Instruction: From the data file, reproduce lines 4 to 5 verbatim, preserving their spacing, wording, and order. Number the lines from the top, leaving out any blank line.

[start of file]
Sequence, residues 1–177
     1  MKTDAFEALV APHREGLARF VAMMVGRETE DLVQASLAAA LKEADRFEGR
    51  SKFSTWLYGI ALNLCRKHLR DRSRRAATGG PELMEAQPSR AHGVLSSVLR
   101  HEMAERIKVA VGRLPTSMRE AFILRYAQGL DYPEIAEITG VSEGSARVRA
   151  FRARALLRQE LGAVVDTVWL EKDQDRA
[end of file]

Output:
   101  HEMAERIKVA VGRLPTSMRE AFILRYAQGL DYPEIAEITG VSEGSARVRA
   151  FRARALLRQE LGAVVDTVWL EKDQDRA